Current Research Project – Bull Shark Sociality


Exploration the structure and function of social interactions in a wild bull shark community. Social behaviour and grouping has both benefits and risks all which have potential ecological and evolutionary implications.


Personality, also called behavioural syndromes or behavioural phenotype is an important concept in behavioural ecology. A sharks' personality affects many aspects of its life such as resource acquisition, reproduction and survival.


Assessing dominance within a wild bull shark community. Investigating drivers of rank and the temporal stability of rank positions.A sharks' position in the hierarchy will impact every aspect of their lives from resource acquisition to reproduction.

Building the Bull Shark Family Tree

Our resident scientist Natasha D. Marosi is exploring kinship in the visiting population of Bull Sharks as part of her PhD research with the University of Exeter.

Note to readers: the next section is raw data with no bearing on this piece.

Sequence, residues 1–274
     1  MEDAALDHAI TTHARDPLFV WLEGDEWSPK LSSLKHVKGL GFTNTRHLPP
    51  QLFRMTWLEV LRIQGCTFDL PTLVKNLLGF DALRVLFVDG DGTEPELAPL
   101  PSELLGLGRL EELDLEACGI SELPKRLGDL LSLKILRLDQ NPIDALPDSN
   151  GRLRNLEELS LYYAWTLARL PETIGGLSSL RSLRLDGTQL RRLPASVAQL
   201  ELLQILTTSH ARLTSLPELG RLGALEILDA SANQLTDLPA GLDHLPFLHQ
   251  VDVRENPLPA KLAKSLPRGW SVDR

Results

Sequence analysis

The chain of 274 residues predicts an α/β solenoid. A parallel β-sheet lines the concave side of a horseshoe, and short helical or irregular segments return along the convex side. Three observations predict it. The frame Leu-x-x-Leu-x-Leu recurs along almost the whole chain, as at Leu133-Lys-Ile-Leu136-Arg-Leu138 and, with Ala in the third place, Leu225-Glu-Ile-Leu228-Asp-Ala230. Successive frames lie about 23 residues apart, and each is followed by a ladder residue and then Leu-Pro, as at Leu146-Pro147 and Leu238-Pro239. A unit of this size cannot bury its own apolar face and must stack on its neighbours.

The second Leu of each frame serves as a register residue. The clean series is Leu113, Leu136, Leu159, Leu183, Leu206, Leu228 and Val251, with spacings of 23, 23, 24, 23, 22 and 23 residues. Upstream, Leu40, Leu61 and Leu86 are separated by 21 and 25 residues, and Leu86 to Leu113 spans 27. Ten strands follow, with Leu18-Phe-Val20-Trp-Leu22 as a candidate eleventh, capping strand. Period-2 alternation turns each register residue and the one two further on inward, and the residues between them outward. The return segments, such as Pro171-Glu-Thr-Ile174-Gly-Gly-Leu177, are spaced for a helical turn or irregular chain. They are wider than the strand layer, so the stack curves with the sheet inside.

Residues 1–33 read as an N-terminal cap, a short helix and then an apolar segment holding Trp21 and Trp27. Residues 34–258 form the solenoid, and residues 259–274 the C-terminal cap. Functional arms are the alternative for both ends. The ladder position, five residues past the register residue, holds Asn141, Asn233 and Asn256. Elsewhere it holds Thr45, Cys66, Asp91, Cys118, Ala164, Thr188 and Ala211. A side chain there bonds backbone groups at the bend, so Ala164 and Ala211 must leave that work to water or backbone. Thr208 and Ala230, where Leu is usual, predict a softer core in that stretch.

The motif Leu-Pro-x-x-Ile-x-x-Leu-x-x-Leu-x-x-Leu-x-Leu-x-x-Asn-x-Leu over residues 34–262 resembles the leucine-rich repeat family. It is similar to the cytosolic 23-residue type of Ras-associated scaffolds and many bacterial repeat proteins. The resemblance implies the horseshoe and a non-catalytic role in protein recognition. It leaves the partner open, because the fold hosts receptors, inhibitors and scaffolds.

Tissue samples are obtained by speargun extraction using a custom biopsy probe. All work is done underwater using the most minimally invasive techniques to avoid unnecessary trauma to the sharks.

DNA analysis is conducted in an offshore Laboratory to determine kinship: maternity, paternity full and half-sibling pairs and will be the subject of a forthcoming scientific publication.  

New Project!
Genetic and Taxonomic Description of Fiji's Maskray

Spearheaded by Dr. Kerstin Glaus of the University of the South Pacific, Laucala Campus, Suva. Fiji.

In Fiji the maskray is the most frequently landed ray in the country’s small scale fishery (Glaus, K., 2023).  As with other stingrays, it is also likely to be vulnerable to habitat degradation (Jabado et. al 2018), but information on the species’ ecology, life history and genetic population structure are lacking.  

 Its distribution remains unresolved due to taxonomic uncertainty (Dulvy, 2021). Indeed, the maskray in Fiji is genetically separate from other species of maskrays in the region, likely depicting a cryptic species or even one previously unknown to science. To confirm the in-country identification, additional research is needed, including further corroborating genetic evidence, clear assessments of morphological and morphometric characteristics, as well as the acquisition of intact specimens. Therefore, assessing ray fauna in the South Pacific Islands is vital for understanding marine biodiversity


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